In a series of tweets, Mr Mallya also alleged a "witch-hunt" by the media.
I am an international businessman. I travel to and from India frequently. I did not flee from India and neither am I an absconder. Rubbish.- Vijay Mallya (@TheVijayMallya) March 10, 2016
The 60-year-old industrialist reacted to reports that he left the country despite a warning or look-out notice to airports to stop him from flying abroad. It has emerged that the CBI had changed the nature of the lookout notice to "providing information about his travel plans".
As an Indian MP I fully respect and will comply with the law of the land. Our judicial system is sound and respected. But no trial by media.- Vijay Mallya (@TheVijayMallya) March 10, 2016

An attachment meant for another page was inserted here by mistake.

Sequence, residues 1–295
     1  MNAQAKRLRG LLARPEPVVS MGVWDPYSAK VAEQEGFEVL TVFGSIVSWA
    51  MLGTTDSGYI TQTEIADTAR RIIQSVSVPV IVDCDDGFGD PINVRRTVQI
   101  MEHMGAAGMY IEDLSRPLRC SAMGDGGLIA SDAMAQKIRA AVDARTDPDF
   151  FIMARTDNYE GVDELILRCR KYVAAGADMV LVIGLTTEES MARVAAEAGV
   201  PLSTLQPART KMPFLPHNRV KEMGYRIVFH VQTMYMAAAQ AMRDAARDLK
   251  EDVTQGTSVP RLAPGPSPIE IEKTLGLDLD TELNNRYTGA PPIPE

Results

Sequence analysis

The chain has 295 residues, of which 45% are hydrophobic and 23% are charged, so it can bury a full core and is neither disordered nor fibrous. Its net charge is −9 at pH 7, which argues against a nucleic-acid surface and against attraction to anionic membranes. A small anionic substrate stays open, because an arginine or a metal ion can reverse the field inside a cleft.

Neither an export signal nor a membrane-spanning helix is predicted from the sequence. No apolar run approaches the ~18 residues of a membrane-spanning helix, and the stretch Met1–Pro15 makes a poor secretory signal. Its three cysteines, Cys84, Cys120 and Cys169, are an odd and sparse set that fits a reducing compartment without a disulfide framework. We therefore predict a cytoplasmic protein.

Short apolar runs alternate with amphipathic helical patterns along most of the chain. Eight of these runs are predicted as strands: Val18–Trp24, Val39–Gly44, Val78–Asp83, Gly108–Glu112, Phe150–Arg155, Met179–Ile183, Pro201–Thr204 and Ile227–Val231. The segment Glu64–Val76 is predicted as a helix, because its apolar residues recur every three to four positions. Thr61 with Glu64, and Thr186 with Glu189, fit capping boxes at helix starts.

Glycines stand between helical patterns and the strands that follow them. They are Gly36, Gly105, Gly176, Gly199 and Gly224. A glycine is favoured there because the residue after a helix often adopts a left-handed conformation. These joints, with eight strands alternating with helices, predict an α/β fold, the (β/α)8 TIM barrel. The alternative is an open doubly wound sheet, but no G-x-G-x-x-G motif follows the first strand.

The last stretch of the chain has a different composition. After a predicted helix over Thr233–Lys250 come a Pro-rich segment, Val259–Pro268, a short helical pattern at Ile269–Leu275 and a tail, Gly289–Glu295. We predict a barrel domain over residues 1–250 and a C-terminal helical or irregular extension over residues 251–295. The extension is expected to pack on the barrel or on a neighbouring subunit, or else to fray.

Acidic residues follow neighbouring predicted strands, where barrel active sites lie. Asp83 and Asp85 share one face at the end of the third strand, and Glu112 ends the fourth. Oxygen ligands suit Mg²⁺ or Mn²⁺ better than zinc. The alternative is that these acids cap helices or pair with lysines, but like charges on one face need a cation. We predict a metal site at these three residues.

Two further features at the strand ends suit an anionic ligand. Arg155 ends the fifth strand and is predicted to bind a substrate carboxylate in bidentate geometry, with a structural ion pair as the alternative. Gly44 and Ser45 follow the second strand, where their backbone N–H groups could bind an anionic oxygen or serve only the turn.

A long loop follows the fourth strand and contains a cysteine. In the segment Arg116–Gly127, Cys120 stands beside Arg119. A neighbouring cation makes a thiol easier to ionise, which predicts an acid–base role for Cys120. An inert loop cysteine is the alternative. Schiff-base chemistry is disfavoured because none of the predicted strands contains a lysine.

A group of 17 banks owed enormous debt by Mr Mallya's grounded Kingfisher Airlines had asked the Supreme Court to stop him from leaving the country but the government told the court that he had left on March 2.
Mr Mallya, dubbed the "king of good times" over his extravagant lifestyle and larger-than-life persona, was granted huge loans by many state-run banks without adequate security for his Kingfisher Airlines even though it was clear the company was collapsing.
His departure, possibly to the UK, in the middle of attempts to recover the unpaid debts caused a row in Parliament yesterday, with the Congress charging the government with being a party in his "escape".